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Empowerment in the Relational Longitudinal Space of Vulnerability

  • Nick Emmel (a1)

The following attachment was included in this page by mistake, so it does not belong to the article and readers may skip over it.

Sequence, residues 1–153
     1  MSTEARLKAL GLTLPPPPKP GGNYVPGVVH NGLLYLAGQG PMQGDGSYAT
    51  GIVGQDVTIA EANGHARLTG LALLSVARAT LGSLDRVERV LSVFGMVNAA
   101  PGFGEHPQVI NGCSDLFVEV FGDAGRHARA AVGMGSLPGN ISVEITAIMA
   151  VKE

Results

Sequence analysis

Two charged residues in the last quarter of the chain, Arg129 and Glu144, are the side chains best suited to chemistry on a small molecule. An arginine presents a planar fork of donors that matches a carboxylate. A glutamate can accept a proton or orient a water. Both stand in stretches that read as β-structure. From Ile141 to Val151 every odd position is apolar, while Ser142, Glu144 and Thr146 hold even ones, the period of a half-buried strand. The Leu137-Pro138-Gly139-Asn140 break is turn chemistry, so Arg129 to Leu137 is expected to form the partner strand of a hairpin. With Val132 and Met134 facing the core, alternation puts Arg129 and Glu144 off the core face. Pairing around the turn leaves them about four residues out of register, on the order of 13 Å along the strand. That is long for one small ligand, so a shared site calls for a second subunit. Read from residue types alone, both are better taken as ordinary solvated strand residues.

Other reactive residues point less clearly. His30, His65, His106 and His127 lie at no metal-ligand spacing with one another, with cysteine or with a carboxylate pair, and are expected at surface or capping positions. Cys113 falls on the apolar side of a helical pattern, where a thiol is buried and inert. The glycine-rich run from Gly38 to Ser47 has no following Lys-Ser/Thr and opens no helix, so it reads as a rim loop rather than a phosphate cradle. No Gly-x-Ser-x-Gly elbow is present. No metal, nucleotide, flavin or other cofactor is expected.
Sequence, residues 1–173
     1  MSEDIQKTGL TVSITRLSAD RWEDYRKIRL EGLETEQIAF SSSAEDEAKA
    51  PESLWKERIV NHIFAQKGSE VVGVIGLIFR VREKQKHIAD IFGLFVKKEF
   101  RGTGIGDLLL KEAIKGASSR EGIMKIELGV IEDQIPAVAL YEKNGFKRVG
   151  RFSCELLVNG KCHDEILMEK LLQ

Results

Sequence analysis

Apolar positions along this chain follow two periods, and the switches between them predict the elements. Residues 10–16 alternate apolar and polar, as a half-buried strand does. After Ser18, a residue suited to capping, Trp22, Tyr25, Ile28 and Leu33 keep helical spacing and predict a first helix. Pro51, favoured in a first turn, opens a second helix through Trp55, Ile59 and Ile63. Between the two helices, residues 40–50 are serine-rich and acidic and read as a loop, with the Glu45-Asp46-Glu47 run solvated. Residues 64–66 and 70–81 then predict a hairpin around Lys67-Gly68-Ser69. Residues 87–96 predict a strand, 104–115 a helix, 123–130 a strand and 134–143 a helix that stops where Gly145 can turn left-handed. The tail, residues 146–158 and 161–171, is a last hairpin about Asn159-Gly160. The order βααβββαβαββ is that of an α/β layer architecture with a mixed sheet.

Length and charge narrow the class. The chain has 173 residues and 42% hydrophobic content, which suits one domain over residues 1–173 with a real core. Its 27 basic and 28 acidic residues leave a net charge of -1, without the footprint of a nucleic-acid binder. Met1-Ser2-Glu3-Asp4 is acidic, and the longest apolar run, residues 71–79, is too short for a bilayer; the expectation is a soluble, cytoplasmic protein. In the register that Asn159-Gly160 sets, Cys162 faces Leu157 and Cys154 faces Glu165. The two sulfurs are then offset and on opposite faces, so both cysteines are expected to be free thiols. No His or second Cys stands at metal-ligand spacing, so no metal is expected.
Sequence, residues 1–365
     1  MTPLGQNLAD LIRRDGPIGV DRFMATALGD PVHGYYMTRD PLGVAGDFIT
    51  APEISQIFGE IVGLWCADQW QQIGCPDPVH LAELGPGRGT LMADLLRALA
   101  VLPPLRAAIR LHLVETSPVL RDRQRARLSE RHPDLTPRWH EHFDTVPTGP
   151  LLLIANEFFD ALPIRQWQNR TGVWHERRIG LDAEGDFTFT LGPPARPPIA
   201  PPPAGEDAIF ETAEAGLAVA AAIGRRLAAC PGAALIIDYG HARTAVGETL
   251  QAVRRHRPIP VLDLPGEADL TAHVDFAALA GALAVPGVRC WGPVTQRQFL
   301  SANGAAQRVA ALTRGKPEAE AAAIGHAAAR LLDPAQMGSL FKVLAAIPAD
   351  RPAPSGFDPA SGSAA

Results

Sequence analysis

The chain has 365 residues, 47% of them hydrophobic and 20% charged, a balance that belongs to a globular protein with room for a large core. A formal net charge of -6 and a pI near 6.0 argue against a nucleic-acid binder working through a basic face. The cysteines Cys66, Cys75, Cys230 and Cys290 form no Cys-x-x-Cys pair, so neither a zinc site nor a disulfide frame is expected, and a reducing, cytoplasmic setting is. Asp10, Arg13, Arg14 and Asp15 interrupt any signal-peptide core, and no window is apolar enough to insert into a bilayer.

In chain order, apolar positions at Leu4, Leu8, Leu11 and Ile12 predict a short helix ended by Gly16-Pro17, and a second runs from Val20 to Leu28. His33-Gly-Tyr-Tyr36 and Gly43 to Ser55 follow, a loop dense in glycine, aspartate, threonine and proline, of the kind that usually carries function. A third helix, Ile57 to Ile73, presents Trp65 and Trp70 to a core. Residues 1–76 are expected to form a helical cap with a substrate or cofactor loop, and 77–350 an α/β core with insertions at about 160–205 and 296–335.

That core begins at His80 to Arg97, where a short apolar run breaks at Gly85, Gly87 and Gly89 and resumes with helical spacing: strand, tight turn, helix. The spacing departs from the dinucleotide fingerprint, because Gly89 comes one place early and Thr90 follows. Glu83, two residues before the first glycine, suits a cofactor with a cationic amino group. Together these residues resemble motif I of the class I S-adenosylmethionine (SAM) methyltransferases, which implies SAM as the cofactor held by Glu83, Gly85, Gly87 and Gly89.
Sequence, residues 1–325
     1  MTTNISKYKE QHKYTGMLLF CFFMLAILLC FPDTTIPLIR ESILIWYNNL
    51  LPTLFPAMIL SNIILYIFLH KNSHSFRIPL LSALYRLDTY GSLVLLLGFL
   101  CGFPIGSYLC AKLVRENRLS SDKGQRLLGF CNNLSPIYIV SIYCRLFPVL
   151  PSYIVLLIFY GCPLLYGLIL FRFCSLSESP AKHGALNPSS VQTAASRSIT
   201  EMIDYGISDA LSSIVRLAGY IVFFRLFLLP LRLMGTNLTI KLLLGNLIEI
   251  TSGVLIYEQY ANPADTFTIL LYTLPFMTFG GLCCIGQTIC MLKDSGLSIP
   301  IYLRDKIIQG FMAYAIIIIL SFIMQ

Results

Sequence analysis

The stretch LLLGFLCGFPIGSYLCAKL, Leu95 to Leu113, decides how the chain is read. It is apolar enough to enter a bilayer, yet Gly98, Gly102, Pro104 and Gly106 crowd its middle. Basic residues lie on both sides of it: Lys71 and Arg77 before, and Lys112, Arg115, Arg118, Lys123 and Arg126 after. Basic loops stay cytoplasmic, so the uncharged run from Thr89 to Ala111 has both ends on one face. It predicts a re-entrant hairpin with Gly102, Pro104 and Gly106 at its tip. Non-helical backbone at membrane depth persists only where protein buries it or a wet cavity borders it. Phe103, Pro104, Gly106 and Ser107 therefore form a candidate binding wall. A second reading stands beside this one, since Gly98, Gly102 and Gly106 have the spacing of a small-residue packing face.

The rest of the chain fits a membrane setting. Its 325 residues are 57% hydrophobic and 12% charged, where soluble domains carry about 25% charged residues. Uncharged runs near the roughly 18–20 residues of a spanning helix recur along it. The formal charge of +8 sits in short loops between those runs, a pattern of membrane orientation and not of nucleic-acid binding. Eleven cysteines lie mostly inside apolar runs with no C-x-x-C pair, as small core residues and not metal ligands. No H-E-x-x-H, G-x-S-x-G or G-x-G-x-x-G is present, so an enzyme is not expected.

The term vulnerability has little theoretical purchase in social policy. It is used widely as a short-hand phrase to describe deficit. As such, it provides only limited value and has little regard for the wider structures of society that might ameliorate, sustain or exacerbate vulnerability. There is, however, a critical literature that seeks to understand the social, economic and political relationships that produce vulnerability and its potential opposite, flourishing. This article draws on this theoretical literature, focusing particularly on relational accounts of autonomy, capabilities and functioning, and the role of societal institutions. Using cases drawn from empirical research investigating how grandparents care for their grandchildren in relationships characterised by rescue and repair, this article refines a relational model of the longitudinal space of vulnerability. It extends explanation of three dimensions of the model: basic needs, the capacity to be and access to service providers, and elaborates on how these dimensions inter-relate through an investigation of empowerment.

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